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Title: Molecular functionalisation of nanocrystalline mesoporous metal oxide films
Author: Li, Xiaoe
Awarding Body: Imperial College London
Current Institution: Imperial College London
Date of Award: 2012
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Mesoporous, nanocrystalline, metal oxide films exhibit a broad range of attributes attractive for technological applications, including high surface area, semiconducting behaviour, optical transparency in the visible region of the electromagnetic spectrum and excellent mechanical properties. They can be functionalised by the attachment of metal complexes and organic molecules to the metal oxide surface through ligating groups such as carboxylic acids. This thesis addresses the interaction of such functionalised metal oxide films with redox species and ions in solution for applications including dye-sensitised solar cells (DSSCs) and heterogeneous sensing and scavenging of pollutants. The first study reported in this thesis employs a thiourea based organic molecule to functionalise a mesoporous Ah03 film, and demonstrates that this functionalised film can be used as a heterogeneous colorimetric cyanide sensor in aqueous solution. This strategy is extended to a series of ruthenium based metal complexes which are employed to functionalise mesoporous Ti02 films. These functionalised films are shown to bind mercury ions, enabling them to function as selective mercury scavengers. This mercury binding is also shown to disrupt lateral cation percolation between adjacent dye molecules. Electrochemical studies are employed to analyse this cation percolation in detail for two different transition metal complexes, with the introduction of a secondary acceptor group shown to result in an order of magnitude increase in the kinetics of cation percolation. The cation percolation results are discussed in relation to their importance in dye-sensitized solar cells. The last two results' chapters of this thesis address the interaction of functionalised mesoporous metal oxide films and iodine in solution, and the importance of this interaction for the function of dye-sensitised solar cells. Based upon these studies, an enhancement of cell performance is expected through modification of dye structure and the electrolyte composition.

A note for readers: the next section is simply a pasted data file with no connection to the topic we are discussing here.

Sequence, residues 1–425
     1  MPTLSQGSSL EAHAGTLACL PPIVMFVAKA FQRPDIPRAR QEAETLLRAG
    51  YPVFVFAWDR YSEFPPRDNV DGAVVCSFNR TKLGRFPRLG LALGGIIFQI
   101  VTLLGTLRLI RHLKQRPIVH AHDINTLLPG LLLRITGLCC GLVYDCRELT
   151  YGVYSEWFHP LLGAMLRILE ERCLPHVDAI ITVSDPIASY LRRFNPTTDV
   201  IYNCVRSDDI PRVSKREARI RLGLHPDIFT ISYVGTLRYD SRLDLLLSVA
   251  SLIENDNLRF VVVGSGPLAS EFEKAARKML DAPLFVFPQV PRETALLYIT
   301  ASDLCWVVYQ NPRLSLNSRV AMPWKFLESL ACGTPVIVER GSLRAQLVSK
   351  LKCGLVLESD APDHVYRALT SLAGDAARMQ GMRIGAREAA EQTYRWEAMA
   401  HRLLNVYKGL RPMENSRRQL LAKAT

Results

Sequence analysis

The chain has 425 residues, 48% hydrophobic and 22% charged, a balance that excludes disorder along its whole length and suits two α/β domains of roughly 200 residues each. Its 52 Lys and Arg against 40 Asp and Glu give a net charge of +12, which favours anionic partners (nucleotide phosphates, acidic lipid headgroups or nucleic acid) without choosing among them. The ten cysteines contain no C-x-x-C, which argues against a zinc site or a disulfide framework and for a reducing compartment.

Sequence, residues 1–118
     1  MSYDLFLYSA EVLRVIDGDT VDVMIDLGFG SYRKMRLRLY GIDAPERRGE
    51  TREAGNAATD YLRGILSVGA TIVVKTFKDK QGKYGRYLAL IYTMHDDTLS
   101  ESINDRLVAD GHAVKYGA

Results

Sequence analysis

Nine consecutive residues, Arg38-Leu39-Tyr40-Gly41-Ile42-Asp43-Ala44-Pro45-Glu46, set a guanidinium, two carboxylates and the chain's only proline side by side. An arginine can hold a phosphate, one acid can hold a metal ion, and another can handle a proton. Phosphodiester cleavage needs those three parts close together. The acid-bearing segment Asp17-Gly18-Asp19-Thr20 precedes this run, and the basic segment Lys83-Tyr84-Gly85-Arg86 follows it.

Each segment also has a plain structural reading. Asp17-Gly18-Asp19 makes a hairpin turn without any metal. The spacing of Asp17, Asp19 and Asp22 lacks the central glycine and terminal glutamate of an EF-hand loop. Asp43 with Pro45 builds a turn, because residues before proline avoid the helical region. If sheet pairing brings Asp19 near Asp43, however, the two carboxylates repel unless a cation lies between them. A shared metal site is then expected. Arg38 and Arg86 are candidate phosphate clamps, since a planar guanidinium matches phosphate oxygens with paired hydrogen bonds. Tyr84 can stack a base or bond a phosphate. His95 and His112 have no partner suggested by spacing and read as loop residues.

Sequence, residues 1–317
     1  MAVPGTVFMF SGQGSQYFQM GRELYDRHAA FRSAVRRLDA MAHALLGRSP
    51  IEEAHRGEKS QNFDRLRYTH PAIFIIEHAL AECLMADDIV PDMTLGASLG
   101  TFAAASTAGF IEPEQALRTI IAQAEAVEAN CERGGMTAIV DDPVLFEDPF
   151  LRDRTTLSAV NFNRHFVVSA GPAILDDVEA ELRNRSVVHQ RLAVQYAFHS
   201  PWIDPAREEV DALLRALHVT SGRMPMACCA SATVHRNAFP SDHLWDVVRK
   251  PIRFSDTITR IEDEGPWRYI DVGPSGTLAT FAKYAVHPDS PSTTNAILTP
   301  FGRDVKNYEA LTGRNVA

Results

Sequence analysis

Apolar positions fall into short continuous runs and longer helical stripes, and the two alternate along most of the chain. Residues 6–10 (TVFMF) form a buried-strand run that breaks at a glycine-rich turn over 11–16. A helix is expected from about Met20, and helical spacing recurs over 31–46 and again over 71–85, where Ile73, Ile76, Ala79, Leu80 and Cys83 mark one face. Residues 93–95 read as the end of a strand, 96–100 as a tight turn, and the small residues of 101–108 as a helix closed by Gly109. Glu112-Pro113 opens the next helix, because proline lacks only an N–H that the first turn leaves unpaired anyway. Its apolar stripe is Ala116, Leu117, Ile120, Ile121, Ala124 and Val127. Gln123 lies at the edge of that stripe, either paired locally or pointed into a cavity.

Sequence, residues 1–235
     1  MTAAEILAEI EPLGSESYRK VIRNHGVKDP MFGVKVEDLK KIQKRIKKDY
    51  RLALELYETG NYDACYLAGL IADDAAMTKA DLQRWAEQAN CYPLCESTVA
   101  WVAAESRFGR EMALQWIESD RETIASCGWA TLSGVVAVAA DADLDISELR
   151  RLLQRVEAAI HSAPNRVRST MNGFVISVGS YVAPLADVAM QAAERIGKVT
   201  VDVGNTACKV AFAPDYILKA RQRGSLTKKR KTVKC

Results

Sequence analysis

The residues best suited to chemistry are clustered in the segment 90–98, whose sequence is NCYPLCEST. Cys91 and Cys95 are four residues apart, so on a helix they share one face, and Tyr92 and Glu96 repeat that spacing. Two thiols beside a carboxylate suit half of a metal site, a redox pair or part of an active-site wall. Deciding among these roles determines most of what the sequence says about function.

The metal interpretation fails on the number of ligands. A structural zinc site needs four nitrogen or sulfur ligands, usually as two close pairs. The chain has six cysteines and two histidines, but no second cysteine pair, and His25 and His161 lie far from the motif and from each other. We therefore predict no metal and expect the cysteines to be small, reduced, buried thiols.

Supervisor: Not available Sponsor: Not available
Qualification Name: Thesis (Ph.D.) Qualification Level: Doctoral
EThOS ID:  DOI: Not available